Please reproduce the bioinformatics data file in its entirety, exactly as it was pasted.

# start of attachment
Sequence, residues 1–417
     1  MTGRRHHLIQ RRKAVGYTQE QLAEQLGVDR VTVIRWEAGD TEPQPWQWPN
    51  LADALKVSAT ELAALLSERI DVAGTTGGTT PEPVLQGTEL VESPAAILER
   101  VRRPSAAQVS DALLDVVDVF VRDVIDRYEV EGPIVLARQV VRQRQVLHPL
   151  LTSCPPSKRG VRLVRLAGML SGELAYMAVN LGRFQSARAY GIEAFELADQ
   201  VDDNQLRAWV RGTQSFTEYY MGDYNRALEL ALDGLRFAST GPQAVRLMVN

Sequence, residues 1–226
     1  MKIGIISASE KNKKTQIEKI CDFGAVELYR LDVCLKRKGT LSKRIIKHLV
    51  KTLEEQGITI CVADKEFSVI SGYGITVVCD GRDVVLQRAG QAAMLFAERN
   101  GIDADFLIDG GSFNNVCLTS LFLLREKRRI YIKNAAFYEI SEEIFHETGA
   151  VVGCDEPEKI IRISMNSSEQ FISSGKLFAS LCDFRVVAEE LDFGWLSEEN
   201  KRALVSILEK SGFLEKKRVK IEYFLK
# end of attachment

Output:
Sequence, residues 1–417
     1  MTGRRHHLIQ RRKAVGYTQE QLAEQLGVDR VTVIRWEAGD TEPQPWQWPN
    51  LADALKVSAT ELAALLSERI DVAGTTGGTT PEPVLQGTEL VESPAAILER
   101  VRRPSAAQVS DALLDVVDVF VRDVIDRYEV EGPIVLARQV VRQRQVLHPL
   151  LTSCPPSKRG VRLVRLAGML SGELAYMAVN LGRFQSARAY GIEAFELADQ
   201  VDDNQLRAWV RGTQSFTEYY MGDYNRALEL ALDGLRFAST GPQAVRLMVN

Sequence, residues 1–226
     1  MKIGIISASE KNKKTQIEKI CDFGAVELYR LDVCLKRKGT LSKRIIKHLV
    51  KTLEEQGITI CVADKEFSVI SGYGITVVCD GRDVVLQRAG QAAMLFAERN
   101  GIDADFLIDG GSFNNVCLTS LFLLREKRRI YIKNAAFYEI SEEIFHETGA
   151  VVGCDEPEKI IRISMNSSEQ FISSGKLFAS LCDFRVVAEE LDFGWLSEEN
   201  KRALVSILEK SGFLEKKRVK IEYFLK